Working with me [part 2]: This is how I work… give or take.

A shameless rip-off of Jukesie’s post and part 2 in my ‘working with me’ series.

Location: London. The only places I’d leave her for are Barcelona, Dublin, and maybe somewhere in Canada/Australia.
Current Gig: Acting Deputy Director of the MOJ’s Data Driven Department and Culture Change team.
Current mobile device: iPhone 6s. I choose not to have a work phone.
Current computer: MacBook Air
One word that best describes how you work: Openly. But as Matt already said that, I’ll nab Authentically.

Image for post
Image for post

I was born in London, and I live about 10 minutes from my parents house and my primary and secondary school. I didn’t move away to go to University (attending at Kingston) and lots of people joke that I’ve never left London — I have, and particularly adore Manchester, Bristol, Birmingham and Brighton, and spend most of my childhood summers in the US [thus that slightly strange twang I have, especially when I’ve had a tipple].

I struggled at school. I was bullied so badly that I would sometimes walk home for an hour rather than get on the bus with those who would talk about me, or throw things at me. I couldn’t wait to leave, and it was a shock that I did well in my GCSEs and that I passed my A-levels and made my grades to go to Kingston University. I was the first one in my family to have the opportunity to go, and we my mum and I sobbed with joy. Once I found Criminology, I flourished academically.

My plan (since the age of 3) was to be a police officer, but once I graduated with my degree, police forces started their recruitment freeze. So instead I joined the National Policing Improvement Agency and worked on Neighbourhood Policing and crime mapping (which became and and I put my passion for data, transparency and engagement into practice. I then led Police Transparency in the Home Office and took a 1-year career break to join the ODI (which ended up being four years of fun). I came back to the Civil Service in November 2017. I don’t have a career plan, I’m just focusing on working hard, having fun, always learning, making things better and always doing the best for the public.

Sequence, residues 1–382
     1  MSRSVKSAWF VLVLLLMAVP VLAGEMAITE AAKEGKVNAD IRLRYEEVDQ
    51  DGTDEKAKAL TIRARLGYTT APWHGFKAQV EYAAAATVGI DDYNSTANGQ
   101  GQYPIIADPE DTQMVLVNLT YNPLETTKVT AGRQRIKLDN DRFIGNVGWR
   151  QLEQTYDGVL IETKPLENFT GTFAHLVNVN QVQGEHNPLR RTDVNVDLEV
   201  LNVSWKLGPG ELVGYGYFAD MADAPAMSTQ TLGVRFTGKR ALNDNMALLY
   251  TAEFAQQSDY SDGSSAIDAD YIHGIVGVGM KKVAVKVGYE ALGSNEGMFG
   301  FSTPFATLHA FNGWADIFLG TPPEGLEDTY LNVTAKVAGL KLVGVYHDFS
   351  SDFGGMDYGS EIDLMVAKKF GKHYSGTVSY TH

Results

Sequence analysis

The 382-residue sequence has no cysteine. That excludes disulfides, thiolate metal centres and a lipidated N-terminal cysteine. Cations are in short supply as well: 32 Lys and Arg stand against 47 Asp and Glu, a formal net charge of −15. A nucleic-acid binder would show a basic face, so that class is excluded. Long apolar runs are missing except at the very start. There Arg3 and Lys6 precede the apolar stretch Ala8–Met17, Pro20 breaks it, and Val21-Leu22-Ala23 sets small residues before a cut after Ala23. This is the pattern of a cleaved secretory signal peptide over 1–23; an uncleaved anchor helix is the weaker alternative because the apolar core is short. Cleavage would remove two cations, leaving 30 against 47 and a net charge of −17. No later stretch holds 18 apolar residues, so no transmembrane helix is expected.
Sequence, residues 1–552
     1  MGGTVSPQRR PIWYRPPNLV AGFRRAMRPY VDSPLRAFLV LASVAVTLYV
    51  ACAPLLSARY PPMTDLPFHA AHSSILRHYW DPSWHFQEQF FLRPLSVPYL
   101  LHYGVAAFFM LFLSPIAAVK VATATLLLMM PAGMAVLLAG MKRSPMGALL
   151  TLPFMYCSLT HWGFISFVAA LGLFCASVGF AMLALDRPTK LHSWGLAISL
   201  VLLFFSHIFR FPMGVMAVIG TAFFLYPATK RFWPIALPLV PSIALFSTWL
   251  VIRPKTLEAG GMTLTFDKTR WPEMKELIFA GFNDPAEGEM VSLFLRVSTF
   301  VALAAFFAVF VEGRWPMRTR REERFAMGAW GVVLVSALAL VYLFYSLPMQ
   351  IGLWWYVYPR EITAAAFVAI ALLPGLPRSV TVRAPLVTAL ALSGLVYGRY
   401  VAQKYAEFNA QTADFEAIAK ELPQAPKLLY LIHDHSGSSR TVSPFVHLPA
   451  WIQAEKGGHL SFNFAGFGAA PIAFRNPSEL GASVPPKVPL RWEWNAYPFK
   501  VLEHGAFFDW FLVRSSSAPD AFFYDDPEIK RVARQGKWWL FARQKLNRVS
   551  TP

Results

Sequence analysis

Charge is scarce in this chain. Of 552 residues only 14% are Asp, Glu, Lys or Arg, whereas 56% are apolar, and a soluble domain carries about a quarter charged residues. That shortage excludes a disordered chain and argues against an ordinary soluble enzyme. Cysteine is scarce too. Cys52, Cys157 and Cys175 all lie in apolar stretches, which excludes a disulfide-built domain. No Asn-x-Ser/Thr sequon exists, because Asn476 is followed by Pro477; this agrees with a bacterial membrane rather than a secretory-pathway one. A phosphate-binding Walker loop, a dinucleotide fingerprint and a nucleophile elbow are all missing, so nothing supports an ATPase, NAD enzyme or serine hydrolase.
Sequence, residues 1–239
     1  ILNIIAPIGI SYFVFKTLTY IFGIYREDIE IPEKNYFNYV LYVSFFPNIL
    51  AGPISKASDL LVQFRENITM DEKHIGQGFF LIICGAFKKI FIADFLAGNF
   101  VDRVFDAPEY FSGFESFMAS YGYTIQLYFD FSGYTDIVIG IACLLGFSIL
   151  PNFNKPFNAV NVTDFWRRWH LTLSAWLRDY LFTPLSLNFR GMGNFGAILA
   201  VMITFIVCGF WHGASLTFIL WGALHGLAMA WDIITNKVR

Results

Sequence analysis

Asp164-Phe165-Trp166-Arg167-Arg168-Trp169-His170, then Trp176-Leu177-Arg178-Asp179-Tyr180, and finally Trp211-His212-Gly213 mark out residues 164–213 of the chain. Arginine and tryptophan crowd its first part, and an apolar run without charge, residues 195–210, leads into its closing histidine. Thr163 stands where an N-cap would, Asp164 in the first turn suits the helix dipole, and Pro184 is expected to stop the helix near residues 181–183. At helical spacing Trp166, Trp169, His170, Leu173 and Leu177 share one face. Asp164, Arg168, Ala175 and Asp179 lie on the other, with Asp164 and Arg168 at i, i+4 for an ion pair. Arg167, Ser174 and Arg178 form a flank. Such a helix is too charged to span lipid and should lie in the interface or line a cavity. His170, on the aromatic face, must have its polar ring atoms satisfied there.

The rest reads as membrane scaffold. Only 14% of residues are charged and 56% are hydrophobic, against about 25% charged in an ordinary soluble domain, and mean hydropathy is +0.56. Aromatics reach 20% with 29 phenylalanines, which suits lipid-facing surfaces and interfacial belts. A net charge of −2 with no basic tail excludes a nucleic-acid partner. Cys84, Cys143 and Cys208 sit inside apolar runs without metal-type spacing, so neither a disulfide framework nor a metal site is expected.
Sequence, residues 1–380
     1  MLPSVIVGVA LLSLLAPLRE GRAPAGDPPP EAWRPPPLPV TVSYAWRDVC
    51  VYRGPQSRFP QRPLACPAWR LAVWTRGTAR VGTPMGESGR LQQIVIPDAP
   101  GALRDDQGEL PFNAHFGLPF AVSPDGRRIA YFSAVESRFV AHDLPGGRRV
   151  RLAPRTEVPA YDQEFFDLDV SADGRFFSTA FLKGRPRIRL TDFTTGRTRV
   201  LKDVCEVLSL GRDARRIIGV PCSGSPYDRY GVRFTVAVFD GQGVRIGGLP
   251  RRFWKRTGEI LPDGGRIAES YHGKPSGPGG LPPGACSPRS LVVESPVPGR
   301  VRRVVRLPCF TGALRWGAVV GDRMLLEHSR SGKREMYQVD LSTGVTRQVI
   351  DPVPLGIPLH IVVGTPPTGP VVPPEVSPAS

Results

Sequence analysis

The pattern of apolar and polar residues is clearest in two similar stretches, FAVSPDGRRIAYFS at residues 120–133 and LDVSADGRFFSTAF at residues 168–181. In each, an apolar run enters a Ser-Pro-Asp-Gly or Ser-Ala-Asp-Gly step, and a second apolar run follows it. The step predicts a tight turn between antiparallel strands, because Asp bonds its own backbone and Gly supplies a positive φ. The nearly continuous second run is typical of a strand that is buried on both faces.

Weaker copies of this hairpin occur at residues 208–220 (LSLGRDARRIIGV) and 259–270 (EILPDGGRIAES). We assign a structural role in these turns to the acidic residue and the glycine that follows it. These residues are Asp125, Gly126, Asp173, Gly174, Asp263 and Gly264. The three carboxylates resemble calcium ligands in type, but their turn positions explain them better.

On a typical office day it looks something like this →

I get up at 07:00.

Walk to the station. Tube to Charing Cross. Walk to St James Park. Listen to podcasts or music — anything from glam rock, drum & bass, classical, 80s cheese. Something to fire me up for the day and put a huge smile on my face.

Get into work between 08:00–08:30. Have a natter with whichever guard is in reception, or barista in our Benugos. Eat overnight oats at my desk with a large coffee.

Then it’s team time, workshops, training, meetings, etc.

Lunch is nearly always the exact same salad from Vital Ingredient. (I’m a total creature of habit). I tend to eat at my desk. I always vow to take a proper lunch and never get round to it — I’m determined to change that in 2019!

More of the same, and then I tend to leave around 17:30–18:00. Get home by 19:00, check emails again and switch off by 20:00. Then get super productive around 20:00–22:00 so do some cooking, journaling, etc.

However, at the moment, my office days haven’t been too typical as Sarah and I have been up and down the country delivering Forward Leadership training, so those start/end times have been longer, and lunch is whatever I can grab in Boots, and dinner is our treat time.

Nothing out of the ordinary: Twitter, Google docs, Whatsapp, Slack, CityMapper, Spotify, YouTube, Lastpass.

My Kindle, my journal, sharpies, post-it notes, stickers.

I loved Matt’s response to this question. Mine are definitely more dull, but I’ll come back to this. For now I’ll say: standing meetings (with the exception of those who can’t stand) to keep things punchy, or better yet, google docs instead of meetings wherever possible.

Hmm. I’m going to have to come back to this one!

I use Trello and notepads for work tasks I have to do.

I keep track of how far I’ve come with my journals.

I spend my spare time mentoring and coaching young women and girls, and definitely want to take on more side projects. We’re also planning GovCamp 2019, which will be held back at MOJ in January.

I’m reading the lectures of Michael Foucault at the moment, and pondering which book (out of my shelf of 45 unread books) to start next.

Ooh, let’s nominate Sam Villis, Jonathan Kerr, Leigh Dodds, James Arthur Cattell, DavidBuck, Nour Sidawi, Debbie Blanchard for now!

‘Always be unapologetically you’.

Design, leadership, open culture, data, ethics, justice. These are my personal thoughts on work.

Get the Medium app

A button that says 'Download on the App Store', and if clicked it will lead you to the iOS App store
A button that says 'Get it on, Google Play', and if clicked it will lead you to the Google Play store